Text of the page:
Russell Taylor lives in Wellington, the capital of New Zealand. In the 1990s, he first began to notice a problem among the hilly jumble of winding side streets and blind corners in his neighborhood. If cars are parked on both sides of the street, he observed, emergency vehicles simply can’t get through. Taylor mustered his fighting spirit and a can of yellow spray paint and put some clumsy, irregular lines down along the edge of Holloway Road to prevent parking there. And he’s kept them there for two decades.

“The council won’t do anything,” he said. Wellington City Council told they are aware of Taylor’s homespun parking lines, which they call a “fake traffic device.”

But Taylor’s one-man crusade is also about fighting the forces of gentrification, he told the BBC. When he moved to the street in 1979, hardly anyone had had a car. “Now,” he said, “it has all changed as the area has become more middle-class and gentrified.”

Taylor is a particularly long-tenured example of a deep tradition of traffic signage vigilantism. Earlier this year, an Omaha group called PSA (“Plungers for a Safer Aksarben”) installed 120 standard toilet plungers along the edge of the bike lane of an especially dangerous street. After just three hours, city officials had plucked them from the street.

Other militant cyclists have gone further. New York’s “street justice activists,” who go by Right of Way, made headlines in 2013 when they painted a brand new cycle lane onto Manhattan’s Avenue of the Americas after a near-fatal accident involving a cab driving on the sidewalk. For the last 21 years, they’ve also stenciled in “street memorials” for pedestrians or cyclists killed by drivers. Similar DIY cycle lanes have also appeared in the dead of night in Los Angeles.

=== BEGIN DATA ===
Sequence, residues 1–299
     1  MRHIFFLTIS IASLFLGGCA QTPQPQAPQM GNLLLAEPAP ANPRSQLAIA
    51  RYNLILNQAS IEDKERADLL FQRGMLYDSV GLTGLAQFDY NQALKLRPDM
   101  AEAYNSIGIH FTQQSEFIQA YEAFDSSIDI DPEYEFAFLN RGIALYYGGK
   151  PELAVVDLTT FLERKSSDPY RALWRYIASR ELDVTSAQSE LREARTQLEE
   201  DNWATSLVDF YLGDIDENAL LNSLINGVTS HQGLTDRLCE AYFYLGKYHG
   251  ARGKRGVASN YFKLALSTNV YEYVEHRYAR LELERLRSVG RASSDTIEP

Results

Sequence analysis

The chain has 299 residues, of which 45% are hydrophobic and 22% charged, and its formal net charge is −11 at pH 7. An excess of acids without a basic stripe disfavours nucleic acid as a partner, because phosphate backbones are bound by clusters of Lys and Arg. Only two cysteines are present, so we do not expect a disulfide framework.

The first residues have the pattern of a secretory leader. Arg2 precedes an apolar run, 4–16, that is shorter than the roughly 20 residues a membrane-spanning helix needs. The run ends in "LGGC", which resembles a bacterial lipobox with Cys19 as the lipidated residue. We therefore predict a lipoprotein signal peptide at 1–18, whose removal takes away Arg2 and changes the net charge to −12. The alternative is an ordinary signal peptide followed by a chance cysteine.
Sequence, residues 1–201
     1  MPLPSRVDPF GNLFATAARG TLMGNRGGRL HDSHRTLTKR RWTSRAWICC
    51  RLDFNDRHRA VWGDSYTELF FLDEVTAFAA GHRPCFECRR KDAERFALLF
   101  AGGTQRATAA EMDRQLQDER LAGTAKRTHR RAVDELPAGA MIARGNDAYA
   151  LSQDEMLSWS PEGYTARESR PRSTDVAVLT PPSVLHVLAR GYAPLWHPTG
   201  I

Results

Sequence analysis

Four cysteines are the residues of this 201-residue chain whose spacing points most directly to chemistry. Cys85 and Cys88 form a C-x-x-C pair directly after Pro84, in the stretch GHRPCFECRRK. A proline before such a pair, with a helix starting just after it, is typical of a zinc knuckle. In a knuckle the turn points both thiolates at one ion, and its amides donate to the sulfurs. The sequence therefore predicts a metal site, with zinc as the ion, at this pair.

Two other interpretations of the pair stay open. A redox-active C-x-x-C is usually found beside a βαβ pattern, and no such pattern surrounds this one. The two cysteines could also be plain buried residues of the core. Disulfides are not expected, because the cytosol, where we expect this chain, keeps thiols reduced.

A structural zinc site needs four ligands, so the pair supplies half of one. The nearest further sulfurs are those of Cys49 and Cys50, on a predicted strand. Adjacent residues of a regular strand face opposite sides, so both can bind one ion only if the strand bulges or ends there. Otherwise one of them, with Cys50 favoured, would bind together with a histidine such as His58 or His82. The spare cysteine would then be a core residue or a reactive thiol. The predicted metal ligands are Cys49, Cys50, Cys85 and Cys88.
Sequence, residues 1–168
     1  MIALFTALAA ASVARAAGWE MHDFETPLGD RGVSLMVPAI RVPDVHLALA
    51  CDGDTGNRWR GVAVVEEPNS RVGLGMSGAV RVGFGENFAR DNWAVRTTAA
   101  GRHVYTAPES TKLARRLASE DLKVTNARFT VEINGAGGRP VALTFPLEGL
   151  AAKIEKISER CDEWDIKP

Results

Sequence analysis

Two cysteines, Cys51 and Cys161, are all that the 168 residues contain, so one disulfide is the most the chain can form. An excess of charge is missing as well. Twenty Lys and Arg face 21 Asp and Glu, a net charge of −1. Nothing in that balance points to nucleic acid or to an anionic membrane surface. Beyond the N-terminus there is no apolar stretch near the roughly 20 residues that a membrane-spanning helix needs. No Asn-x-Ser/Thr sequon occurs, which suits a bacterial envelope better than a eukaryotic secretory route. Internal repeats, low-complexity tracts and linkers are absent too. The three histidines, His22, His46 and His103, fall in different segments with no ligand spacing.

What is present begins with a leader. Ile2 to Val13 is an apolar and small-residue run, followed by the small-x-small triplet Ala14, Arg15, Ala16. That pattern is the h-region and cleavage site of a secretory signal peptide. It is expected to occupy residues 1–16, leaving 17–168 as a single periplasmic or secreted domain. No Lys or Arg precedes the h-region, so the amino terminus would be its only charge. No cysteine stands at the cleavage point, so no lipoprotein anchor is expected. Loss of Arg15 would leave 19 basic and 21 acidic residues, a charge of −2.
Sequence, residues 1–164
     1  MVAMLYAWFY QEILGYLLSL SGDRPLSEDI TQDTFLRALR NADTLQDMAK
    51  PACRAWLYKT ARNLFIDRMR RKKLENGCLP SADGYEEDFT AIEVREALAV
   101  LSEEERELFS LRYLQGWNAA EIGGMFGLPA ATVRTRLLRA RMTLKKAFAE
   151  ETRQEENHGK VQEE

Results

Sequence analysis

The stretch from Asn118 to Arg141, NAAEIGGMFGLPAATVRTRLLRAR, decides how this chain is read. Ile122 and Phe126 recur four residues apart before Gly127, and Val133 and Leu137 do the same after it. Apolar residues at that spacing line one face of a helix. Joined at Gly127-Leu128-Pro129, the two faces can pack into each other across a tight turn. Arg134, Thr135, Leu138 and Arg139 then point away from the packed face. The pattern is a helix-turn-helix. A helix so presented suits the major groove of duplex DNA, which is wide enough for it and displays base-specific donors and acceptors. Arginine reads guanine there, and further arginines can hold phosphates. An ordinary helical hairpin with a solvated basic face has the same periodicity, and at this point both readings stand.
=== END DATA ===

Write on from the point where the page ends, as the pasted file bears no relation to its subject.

In the United Kingdom, a former Royal Marine, Donald Ligertwood, drove his neighbors around the bend after he began issuing homemade parking tickets, instructing parkers to “READ YOUR HIGHWAY CODE” and threatening to call the police. His guerrilla public service proved deeply unpopular with other local residents, who fumed to The Sun that he even painted a large box on the side of the road to prevent people from parking across from his driveway.

More popular, however, was a fake freeway sign in Los Angeles. On August 5, 2001, in broad daylight, artist Richard Ankrom hoisted a ladder up to a green highway sign and installed his own modification to help drivers onto a poorly marked hairpin exit. He even pre-dusted his addition with “smog-sheen” so it wouldn’t stick out. Eventually, the sign was removed during scheduled maintenance, but the city took his advice, and replaced the whole thing with a new sign that includes his suggestion.

Taylor’s parking lines may prove similarly successful. While the council plans to remove his illegal markings, they’ve planned a formal consultation on the road for later this year. Sometimes traffic vigilantes are onto something.